FWA 9309
Fair Work Act 2009
s.394 - Application for unfair dismissal remedy
Mrs Sandra McKenna
Home Theatre Group Pty Ltd T/A Home Theatre Group
MELBOURNE, 30 OCTOBER 2012
Termination of employment –small business code complied with- summary dismissal - unfair dismissal.
 The matter arises from an application filed on 28 February 2012 and updated and amended on 7 March 2012 under s 394 of the Fair Work Act 2009 (the Act) by Ms Sandra McKenna (the Applicant) for relief in respect to the termination of her employment from Home Theatre Group Pty Ltd T/A Home Theatre Group (HTG or the Respondent).
 The Applicant was employed by the Respondent from 6 August 2006 until she was dismissed on 17 February 2012. She was notified of her dismissal on that day. The letter of termination of that date stated that the dismissal was for serious misconduct and that no notice would be paid. The letter was from Ben Cooper, Associate Director of Livingstones Employment Relationship Advisors. The letter also stated that “Home Theatre Group considers that you have been given adequate opportunity to respond to its concerns and notes that you have addressed some of these in your correspondence.” Those concerns had been set out in a letter of 7 February 2012 1 and a further allegation was made in a letter of 13 February 2012.2 The reason for termination was that the employer “has determined that your recent conduct is unacceptable” and “it considers, in particular, that your disparaging remarks about Peter Curley made to Ben Osborne and some HTG employees amount to serious misconduct.” It is reasonably apparent that the expression “in particular” in the context of the general expression of recent conduct means that the other matters raised in the letter of 7 February are not excluded from the reasons for termination. Read in context it is reasonably apparent that HTG is relying on the matters raised in the 7 February correspondence to justify the termination but regards the disparaging emails as the most significant matters.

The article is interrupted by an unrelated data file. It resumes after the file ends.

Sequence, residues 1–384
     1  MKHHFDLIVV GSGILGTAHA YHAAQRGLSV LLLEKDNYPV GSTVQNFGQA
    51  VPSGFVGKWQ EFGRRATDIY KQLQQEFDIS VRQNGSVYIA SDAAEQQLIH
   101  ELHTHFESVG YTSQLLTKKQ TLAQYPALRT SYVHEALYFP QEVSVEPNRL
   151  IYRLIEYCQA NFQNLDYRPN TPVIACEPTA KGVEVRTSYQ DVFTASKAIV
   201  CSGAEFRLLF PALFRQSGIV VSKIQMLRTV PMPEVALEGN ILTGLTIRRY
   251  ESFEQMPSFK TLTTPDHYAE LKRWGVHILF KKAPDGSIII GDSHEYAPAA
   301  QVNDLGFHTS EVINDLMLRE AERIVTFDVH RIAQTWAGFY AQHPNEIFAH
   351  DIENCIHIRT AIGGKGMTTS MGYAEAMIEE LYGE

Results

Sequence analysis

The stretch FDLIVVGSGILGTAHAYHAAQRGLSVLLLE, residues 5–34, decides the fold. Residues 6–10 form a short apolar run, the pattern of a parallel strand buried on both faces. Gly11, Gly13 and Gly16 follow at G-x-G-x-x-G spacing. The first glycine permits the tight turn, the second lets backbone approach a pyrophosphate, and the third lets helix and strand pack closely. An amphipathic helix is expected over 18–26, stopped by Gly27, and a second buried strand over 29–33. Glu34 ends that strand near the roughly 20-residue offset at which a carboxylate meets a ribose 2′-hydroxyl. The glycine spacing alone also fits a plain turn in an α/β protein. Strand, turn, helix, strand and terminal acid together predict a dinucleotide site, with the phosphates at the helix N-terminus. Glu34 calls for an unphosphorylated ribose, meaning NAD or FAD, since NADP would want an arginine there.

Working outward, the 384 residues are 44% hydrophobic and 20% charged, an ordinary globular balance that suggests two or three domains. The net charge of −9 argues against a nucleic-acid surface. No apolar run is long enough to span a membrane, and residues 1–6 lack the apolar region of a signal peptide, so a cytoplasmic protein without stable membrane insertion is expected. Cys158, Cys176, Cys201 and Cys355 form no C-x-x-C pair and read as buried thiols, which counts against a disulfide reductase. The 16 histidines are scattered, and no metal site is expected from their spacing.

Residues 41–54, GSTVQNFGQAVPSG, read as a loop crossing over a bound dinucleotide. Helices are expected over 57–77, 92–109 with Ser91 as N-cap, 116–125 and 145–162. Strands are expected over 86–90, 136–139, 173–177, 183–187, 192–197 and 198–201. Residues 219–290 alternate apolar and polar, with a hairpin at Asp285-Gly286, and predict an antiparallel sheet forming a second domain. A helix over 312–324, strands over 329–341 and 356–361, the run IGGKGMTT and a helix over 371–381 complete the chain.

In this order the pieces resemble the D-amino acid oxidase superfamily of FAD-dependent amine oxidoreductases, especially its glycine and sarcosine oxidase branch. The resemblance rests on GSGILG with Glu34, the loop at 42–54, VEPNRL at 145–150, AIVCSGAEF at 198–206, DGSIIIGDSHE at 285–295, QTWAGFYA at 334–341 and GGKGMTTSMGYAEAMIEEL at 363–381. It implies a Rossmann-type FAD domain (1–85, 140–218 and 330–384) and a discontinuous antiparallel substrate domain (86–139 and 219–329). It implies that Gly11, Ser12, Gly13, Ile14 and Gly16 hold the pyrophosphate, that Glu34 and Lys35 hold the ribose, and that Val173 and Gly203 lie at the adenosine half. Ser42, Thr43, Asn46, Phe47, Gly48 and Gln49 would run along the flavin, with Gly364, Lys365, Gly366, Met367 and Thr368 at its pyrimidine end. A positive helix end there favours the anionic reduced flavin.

The Respondent says that further financial irregularities were discovered after the termination.
 The matters listed in the correspondence of 7 February related to disparaging emails about Mr Curley, Mr Ali Wraight and Mr Brown which had been sent to Mr Osborne and also in one case to other employees of HTG and also to allegations of poor conduct or performance in respect to financial accounting, payment of superannuation to employees, failure to record annual leave taken, failure to reimburse personal expenses made on company credit card, removal of petty cash without authorisation, reimbursement of personal loan in excess of the value of the loan, and threatening or intimidating behaviour towards Mr Curley the Managing Director.
 The Applicant wrote a number of emails to the Respondent between 3 February 2012 and 17 February 2012. On 3 February 2012 she made it clear that she had seen an email from Mr Curley to Livingstones saying that he did not want the Applicant back at work. 3 In her next correspondence it was clear that she was expecting a letter outlining allegations against her and in response she detailed a number of outstanding claims she had against the Respondent for entitlements and other matters.4 She only responded to two of the matters raised by the Respondent. Firstly, she claimed that the credit card policy had never been adhered to and that it was commonplace and encouraged by Mr Curley that employees would put personal expenses on the company credit card and that these amounts were then repaid in cash.5 Secondly, she disputed the complaint that she did not record her annual leave by saying that she worked so hard that she did not take leave and when she did have time off at Christmas she was still working whilst away.6 In her responses the Applicant emphasised that she was unwell and on medication and was not in a position to respond.